In Loving Memory of Vic

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Daily Recovery Readings – January 21

Just For Today
January 21
Unity And Uniformity

“Unity is a must in Narcotics Anonymous.”
—Basic Text p. 60

Unity is not uniformity. Unity springs from the fact that we have unity of purpose—to recover, and to help others stay clean. Even so, we often find that while we strive to fulfill the same purpose, our means and methods may be radically different.

We can’t impose our ideas of unity on others or confuse unity with uniformity. In fact, a big attraction of the NA program is the absence of uniformity. Unity springs from our common purpose, not from standards imposed on the group by a few well-meaning members. A group that has the unity which springs from the loving hearts of its members allows each addict to carry the message in his or her own unique way.

In our dealings with each other in NA, we sometimes disagree rather vocally. We must remember that the details of how we get things done isn’t always important, so long as we keep our focus on the group’s primary purpose. We can watch members who vehemently disagree over trivial things pull together when a newcomer reaches out for help. Someone was there for us when we got to the rooms of NA. Now it is our turn to be there for others. We need unity to help show the newcomer that this way of life works.

Just for today: I will strive to be a part of unity. I know that unity does not equal uniformity.


Daily Reflections
January 21

The member talks to the newcomer not in a spirit of power but in a spirit of humility and weakness.

As the days pass in A.A., I ask God to guide my thoughts and the words that I speak. In this labor of continuous participation in the Fellowship, I have numerous opportunities to speak. So I frequently ask God to help me watch over my thoughts and my words, that they may be the true and proper reflections of our program; to focus my aspirations once again to seek His guidance; to help me be truly kind and loving, helpful and healing, yet always filled with humility, and free from any trace of arrogance.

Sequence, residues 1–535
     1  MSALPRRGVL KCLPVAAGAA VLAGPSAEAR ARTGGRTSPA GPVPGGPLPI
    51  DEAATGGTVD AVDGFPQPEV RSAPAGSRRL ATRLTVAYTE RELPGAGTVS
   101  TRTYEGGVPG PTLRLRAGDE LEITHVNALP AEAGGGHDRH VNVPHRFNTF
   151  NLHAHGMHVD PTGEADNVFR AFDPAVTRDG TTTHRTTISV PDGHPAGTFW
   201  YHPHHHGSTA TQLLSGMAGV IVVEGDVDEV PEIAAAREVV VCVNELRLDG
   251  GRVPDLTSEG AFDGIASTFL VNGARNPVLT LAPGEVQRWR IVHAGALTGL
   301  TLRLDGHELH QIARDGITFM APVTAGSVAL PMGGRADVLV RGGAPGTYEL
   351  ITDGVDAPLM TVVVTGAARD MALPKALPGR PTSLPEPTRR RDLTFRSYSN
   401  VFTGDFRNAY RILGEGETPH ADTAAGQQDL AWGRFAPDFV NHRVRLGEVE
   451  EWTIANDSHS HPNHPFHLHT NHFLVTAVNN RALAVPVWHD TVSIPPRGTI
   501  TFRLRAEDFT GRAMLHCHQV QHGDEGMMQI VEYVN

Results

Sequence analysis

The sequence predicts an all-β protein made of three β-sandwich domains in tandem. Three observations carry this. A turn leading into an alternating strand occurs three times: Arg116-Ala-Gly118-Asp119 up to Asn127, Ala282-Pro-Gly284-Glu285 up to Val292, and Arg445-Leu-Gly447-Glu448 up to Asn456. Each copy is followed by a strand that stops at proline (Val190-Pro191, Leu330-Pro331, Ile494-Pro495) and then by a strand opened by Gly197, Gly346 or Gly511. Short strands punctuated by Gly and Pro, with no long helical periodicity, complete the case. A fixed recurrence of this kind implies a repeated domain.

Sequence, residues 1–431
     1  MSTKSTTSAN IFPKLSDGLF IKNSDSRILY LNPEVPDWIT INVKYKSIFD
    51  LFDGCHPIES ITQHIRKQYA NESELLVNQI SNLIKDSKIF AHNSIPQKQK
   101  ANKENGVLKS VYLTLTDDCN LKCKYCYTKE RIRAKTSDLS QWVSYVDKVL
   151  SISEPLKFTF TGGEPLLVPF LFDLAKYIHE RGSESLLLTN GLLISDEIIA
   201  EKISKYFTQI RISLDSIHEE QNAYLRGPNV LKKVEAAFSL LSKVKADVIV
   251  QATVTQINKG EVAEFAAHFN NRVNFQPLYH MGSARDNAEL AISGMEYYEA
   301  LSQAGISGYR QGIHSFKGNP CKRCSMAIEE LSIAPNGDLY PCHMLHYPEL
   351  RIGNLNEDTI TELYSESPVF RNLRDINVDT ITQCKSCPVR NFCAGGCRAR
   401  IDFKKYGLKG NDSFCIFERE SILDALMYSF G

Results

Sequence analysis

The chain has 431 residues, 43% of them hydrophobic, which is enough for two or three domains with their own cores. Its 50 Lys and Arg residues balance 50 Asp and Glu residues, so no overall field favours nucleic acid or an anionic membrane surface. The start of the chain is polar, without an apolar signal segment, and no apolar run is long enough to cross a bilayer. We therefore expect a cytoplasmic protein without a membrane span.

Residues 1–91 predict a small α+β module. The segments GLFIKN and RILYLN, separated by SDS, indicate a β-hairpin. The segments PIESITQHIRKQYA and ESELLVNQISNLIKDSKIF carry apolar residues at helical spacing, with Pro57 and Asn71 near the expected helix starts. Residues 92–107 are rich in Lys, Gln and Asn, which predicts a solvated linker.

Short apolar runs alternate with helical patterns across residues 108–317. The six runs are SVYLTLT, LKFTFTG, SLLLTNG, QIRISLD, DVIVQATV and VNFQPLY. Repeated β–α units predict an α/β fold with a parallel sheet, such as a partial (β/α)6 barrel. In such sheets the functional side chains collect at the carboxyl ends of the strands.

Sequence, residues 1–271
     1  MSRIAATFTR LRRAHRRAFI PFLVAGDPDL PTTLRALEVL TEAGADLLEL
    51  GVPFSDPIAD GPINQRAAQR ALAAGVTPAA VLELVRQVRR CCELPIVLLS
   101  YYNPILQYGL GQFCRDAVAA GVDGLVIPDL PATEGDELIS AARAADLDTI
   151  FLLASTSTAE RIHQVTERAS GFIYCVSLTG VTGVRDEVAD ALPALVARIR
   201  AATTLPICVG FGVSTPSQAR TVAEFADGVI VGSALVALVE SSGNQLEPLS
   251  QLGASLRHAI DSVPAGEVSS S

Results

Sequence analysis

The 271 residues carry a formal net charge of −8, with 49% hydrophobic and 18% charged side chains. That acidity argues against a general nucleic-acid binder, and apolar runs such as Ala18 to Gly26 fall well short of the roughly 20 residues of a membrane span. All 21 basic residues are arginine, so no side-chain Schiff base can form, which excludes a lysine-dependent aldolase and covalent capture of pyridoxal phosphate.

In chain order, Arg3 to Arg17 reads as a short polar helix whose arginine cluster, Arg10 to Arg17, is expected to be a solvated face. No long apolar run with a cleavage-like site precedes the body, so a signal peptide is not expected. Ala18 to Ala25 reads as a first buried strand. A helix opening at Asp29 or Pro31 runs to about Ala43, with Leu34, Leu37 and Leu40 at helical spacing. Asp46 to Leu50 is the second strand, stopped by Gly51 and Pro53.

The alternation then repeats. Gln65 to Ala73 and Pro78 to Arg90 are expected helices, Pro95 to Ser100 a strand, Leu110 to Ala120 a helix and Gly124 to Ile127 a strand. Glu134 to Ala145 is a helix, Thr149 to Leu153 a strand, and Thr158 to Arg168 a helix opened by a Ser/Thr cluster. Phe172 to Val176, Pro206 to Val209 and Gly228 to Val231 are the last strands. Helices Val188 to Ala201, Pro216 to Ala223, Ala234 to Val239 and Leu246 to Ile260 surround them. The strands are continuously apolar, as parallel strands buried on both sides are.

Today I may very well have to deal with disagreeable attitudes or utterances—the typical stock-in-trade attitude of the still-suffering alcoholic. If this should happen, I will take a moment to center myself in God, so that I will be able to respond from a perspective of composure, strength and sensibility.


Twenty-Four Hours A Day
January 21
A.A. Thought For The Day

To grasp the A.A. program, we have to think things out. Saint Paul said: “They are transformed by the renewing of their minds.” We have to learn to think straight. We have to change from alcoholic thinking to sober thinking. We must build up a new way of looking at things.  Before we came into A.A., we wanted an artificial life of excitement and everything that goes with drinking. That kind of life looked normal to us then. But as we look back now, that life looks the exact opposite of normal. In fact, it looks most abnormal. We must reeducate our minds. Am I changing from an abnormal thinker to a normal thinker?

Meditation For The Day

I will take the most crowded day without fear. I believe that God is with me and controlling all. I will let confidence be the motif running through all the crowded day. I will not get worried, because I know that God is my helper. Underneath are the everlasting arms. I will rest in them, even though the day be full of things crowded in upon me.

Prayer For The Day

I pray that I may be calm and let nothing upset me. I pray that I may not let material things control me and choke out spiritual things.


As Bill Sees It
January 21
Citizens Again, p. 21

“Each of us in turn—that is, the member who gets the most out of the program—spends a very large amount of time on Twelfth Step work in the early years. That was my case, and perhaps I should not have stayed sober with less work.

However, sooner or later most of us are presented with other obligations—to family, friends, and country. As you will remember, the Twelfth Step also refers to ‘practicing these principles in all our affairs.’ Therefore, I think your choice of whether to take a particular Twelfth Step job is to be found in your own conscience. No one else can tell you for certain what you ought to do at a particular time.

I just know that you are expected, at some point, to do more than carry the message of A.A. to other alcoholics. In A.A. we aim not only for sobriety—we try again to become citizens of the world that we rejected, and of the world that once rejected us. This is the ultimate demonstration toward which Twelfth Step work is the first but not the final step.”

Letter, 1959